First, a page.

On 1 March Badby was brought into a hall in the London house of the Dominican friars. Never before in his life could he have been confronted by so many great men of the realm. Both archbishops – Arundel and Henry’s old friend, Henry Bowet, now archbishop of York – were present. So were the duke of York, Bishop Henry Beaufort, Thomas Beaufort and the bishops of London, Exeter, Norwich, Bath and Wells, St David’s, Bangor and Salisbury. Arundel, of course, took the lead in examining the prisoner. What he hoped for is not clear: he said he would ‘offer his soul’ for Badby at the Last Judgement if Badby would only recant. Badby had no intention of doing any such thing. It was not that he was irreligious – he stated he wished to believe in an omnipotent divine Trinity, and that the bread and wine left on the table after a priest had failed to turn it into the body and blood of Christ was still symbolic of God – but his certainty that the clergy were powerless was unshakeable. If each consecrated host was really the body of Christ, he said, then there must be twenty thousand gods in England, but he believed only in one. That was it. In the eyes of everyone present, he was damned.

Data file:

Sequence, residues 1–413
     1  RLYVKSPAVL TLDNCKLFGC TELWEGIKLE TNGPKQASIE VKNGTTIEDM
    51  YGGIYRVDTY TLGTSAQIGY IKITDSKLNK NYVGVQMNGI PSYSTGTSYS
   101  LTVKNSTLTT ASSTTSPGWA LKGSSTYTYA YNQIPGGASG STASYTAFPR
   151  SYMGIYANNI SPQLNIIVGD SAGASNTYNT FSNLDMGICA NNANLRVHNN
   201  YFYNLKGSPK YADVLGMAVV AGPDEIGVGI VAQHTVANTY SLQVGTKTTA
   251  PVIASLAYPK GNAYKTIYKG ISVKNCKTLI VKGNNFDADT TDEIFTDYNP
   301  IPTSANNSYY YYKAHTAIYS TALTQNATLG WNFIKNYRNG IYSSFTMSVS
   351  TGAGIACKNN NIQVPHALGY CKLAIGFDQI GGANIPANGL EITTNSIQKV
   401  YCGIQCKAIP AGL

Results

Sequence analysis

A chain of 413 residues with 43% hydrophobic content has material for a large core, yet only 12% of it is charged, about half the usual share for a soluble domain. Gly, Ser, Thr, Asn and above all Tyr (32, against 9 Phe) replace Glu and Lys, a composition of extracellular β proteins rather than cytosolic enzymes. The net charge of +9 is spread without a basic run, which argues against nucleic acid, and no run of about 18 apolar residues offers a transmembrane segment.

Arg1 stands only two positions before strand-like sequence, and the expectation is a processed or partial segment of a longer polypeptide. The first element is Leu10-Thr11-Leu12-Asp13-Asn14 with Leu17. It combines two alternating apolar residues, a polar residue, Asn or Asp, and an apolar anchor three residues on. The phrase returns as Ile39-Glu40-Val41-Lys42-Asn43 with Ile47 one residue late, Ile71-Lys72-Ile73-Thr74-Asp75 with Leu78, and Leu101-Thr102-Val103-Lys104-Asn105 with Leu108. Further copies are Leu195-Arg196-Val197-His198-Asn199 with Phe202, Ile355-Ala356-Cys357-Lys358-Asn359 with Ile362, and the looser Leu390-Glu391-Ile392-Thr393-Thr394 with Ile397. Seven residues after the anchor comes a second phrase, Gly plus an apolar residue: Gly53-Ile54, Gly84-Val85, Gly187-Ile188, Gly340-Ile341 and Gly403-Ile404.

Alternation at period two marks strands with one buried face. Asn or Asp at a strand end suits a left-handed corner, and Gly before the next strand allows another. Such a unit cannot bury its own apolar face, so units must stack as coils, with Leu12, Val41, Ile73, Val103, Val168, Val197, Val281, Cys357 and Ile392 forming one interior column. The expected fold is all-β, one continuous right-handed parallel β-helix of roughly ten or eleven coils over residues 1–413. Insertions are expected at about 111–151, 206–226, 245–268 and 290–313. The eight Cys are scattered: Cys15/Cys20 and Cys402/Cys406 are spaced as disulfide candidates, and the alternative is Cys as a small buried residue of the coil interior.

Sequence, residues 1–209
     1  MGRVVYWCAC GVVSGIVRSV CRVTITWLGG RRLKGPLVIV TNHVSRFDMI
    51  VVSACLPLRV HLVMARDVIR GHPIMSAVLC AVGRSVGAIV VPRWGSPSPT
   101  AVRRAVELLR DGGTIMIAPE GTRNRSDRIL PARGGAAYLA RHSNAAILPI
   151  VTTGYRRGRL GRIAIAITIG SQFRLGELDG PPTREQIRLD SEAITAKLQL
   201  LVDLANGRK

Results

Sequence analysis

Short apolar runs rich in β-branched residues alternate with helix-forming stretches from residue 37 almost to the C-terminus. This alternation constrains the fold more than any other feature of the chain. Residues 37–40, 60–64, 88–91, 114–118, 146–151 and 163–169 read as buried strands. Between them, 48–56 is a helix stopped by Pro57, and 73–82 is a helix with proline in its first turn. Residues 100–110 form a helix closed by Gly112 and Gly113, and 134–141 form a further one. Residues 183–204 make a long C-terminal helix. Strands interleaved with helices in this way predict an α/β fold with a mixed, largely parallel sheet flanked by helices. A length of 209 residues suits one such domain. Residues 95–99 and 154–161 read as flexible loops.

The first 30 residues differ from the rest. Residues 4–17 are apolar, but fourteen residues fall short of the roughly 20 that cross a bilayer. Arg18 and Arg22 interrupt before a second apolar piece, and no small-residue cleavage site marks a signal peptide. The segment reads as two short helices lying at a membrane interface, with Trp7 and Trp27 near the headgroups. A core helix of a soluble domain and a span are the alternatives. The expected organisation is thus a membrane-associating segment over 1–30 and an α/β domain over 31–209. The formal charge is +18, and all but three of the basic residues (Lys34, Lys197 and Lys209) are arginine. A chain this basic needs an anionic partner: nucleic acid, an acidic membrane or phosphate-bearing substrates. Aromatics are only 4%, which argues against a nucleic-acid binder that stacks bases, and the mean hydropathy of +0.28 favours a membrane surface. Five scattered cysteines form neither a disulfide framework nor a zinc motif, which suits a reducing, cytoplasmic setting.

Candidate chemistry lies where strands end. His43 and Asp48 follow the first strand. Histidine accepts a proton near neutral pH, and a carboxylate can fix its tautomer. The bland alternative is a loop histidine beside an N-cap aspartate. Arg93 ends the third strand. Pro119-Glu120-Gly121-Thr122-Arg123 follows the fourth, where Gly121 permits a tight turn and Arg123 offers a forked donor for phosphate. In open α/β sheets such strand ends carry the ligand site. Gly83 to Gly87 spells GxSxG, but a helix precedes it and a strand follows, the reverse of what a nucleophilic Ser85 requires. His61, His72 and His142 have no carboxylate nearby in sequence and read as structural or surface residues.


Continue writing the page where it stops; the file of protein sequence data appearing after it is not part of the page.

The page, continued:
Badby was locked up in another part of the friars’ house to await sentencing. Arundel himself kept the key. By this stage Arundel would have known that he had an extraordinary man to deal with, and to show the would-be reformers in the commons that they could expect harsh treatment for heresy he decided that the sentence upon Badby should be passed by the whole of convocation (all the prelates of England and Wales). On 5 March convocation assembled in St Paul’s Cathedral, together with several prominent laymen: the duke of York, the earl of Westmorland, Lord Beaumont and the chancellor, Thomas Beaufort. Before them all Badby declared that he would not renounce any of his beliefs, and further declared that the holy sacrament was ‘less than a toad or a spider’, because these were at least living things. Anything created by God, he said, was more worthy of worship than a man-made image.52 Having heard him utter these abominations against the tenets of the Church, Arundel confirmed the bishop of Worcester’s verdict of heresy and handed Badby over to the secular authorities for punishment under the law, expressing his wish that he should not suffer death by burning.